Almost as if by some miracle, the caffeine present in coffee can reduce drowsiness and it can increase our state of wakefulness.  But the caffeine found in coffee and elsewhere (soft drinks, dark chocolate, tea etc.) is also the subject in some promising research studies.  I had previously read some articles which suggested that coffee may do more than alter our state of alertness.  Interestingly, it may slow the development of the Alzheimer’s Disease (AD), a form of dementia that affects about 5.4 million people in the U.S.  How?

Coffee by flickr user: anthony_p_c
Caffeine: C8H10N4O2


First, some background information.

One of the hallmarks of AD is the presence of extracellular plaques and intracellular neurofibrillary tangles in brain tissue.  The plaques contain β-amyloid (Aβ) proteins and the tangles arise from an abnormal phosphorylation of tau protein.  Eventually, the buildup of these proteins damages nerve synapses enough to cause a decline in cognition and changes in behavior.  Genetic and environmental factors are both involved in the onset and level of progression of AD.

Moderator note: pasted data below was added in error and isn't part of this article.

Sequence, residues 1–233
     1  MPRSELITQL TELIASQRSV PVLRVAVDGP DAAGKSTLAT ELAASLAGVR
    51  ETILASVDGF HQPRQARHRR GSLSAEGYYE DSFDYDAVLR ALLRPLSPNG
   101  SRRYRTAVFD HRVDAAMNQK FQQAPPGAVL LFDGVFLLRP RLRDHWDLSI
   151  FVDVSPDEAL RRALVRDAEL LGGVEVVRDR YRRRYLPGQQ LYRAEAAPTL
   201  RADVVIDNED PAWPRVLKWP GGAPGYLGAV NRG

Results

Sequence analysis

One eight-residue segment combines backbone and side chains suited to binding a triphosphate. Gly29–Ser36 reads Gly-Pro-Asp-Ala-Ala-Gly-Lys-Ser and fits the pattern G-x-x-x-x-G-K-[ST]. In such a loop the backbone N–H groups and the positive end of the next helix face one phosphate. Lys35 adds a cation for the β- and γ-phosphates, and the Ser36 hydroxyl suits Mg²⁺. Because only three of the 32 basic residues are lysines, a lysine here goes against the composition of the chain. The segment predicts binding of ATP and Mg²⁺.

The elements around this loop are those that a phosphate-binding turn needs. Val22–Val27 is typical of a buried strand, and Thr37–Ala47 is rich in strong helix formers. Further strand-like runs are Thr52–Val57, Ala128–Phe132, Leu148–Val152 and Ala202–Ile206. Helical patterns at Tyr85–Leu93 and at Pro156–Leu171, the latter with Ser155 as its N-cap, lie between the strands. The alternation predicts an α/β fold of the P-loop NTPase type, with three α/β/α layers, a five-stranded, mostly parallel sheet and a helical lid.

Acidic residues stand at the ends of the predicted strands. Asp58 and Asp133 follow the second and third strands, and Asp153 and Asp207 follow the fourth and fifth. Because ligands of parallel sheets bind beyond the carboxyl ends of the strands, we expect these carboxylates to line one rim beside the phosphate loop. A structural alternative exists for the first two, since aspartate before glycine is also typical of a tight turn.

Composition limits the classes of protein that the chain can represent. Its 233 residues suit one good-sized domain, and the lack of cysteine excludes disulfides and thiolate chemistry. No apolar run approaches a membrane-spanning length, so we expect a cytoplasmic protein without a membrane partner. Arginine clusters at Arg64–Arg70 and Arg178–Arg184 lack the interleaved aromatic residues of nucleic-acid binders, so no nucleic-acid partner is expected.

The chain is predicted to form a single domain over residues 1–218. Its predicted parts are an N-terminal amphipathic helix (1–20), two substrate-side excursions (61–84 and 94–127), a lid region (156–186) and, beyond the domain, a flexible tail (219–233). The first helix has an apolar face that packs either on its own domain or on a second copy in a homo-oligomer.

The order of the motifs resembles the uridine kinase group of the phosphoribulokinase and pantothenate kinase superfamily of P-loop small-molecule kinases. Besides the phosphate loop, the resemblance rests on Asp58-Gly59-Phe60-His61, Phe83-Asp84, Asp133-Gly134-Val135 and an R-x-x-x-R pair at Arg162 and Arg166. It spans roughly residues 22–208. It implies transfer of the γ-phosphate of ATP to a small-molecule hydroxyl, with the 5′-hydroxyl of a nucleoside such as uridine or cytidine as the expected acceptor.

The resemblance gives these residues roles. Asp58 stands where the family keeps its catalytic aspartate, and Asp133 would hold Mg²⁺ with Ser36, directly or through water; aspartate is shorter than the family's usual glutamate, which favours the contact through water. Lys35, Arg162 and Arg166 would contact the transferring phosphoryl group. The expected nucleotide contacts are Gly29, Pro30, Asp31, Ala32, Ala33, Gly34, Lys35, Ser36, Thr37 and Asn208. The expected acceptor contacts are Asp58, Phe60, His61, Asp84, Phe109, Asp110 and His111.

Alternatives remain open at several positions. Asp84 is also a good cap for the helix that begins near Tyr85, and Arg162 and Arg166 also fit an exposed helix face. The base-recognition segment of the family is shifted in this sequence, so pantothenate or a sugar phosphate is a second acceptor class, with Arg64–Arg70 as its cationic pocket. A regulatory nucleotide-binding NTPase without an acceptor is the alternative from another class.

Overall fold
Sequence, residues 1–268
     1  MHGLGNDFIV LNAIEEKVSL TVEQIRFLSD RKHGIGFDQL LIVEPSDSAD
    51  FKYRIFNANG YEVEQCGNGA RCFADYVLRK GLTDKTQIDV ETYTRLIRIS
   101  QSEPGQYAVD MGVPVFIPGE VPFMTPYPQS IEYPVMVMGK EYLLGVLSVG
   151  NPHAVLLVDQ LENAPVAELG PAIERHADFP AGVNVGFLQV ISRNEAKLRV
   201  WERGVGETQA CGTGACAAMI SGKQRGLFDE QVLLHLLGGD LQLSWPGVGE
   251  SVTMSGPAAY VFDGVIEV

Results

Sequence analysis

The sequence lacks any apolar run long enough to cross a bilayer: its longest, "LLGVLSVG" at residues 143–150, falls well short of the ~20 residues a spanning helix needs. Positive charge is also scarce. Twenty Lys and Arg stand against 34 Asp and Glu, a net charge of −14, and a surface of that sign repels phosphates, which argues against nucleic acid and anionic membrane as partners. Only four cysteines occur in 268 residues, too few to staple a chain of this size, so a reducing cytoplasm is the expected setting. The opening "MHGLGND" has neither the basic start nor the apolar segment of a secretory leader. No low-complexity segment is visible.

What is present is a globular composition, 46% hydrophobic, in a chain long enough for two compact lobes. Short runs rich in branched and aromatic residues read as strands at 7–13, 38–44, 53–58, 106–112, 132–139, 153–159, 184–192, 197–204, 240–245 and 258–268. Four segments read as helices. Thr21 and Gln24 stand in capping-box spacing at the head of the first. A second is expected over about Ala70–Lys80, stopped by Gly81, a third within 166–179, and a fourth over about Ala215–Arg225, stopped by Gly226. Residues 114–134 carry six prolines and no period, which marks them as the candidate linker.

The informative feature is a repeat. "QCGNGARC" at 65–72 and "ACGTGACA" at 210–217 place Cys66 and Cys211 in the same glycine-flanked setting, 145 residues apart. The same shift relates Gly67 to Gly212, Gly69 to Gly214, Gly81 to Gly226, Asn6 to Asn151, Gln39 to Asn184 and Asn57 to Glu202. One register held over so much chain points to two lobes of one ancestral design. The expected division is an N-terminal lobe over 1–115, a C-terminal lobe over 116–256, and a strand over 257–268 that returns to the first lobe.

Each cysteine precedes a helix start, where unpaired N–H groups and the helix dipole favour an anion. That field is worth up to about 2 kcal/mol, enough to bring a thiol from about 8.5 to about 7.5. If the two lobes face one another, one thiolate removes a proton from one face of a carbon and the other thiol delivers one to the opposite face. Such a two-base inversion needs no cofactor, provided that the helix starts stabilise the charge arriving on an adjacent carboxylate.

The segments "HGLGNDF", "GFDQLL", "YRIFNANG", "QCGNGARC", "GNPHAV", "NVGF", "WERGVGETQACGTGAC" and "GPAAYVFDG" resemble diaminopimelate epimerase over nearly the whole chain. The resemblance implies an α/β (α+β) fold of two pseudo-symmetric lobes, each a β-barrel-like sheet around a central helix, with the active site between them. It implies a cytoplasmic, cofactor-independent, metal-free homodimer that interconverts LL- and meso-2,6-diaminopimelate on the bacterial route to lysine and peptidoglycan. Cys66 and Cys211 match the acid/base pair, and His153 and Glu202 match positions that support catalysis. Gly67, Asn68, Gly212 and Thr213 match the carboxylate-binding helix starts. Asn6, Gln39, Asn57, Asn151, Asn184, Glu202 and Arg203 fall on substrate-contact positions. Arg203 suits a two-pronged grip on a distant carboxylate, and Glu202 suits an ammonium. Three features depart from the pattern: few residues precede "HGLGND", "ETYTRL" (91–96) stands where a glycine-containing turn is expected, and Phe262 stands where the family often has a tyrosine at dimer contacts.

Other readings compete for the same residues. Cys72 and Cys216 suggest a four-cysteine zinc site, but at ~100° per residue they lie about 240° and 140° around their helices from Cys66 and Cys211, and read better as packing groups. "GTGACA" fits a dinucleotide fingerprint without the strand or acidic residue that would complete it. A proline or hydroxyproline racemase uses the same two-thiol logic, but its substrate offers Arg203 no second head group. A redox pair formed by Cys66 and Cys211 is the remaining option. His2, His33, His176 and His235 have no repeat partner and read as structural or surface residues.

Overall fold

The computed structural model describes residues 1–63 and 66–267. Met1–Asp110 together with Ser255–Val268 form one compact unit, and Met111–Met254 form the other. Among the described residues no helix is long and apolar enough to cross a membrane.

Neurological damage leads to the decrease of cortical and hippocampal size. The hippocampus is involved in memory processing.


The most common form of AD (late onset) is thought to be caused by the inability to clear Aβ protein from the brain.  Silverberg et al. has pointed to evidence that the production and turnover of cerebrospinal fluid (CSF) helps clear toxic molecules like Aβ from the interstitial fluid space of the brain to the blood stream.  In the figure below,  AD is represented by the pink rectangles and shows a lower CSF production rate than the age matched control groups PD and Acute HC.


CSF production rates in four groups of patients: AD, Parkinson's Disease (PD), acute hyrdocephalus (HC), and normal pressure hydrocephalus (NPH).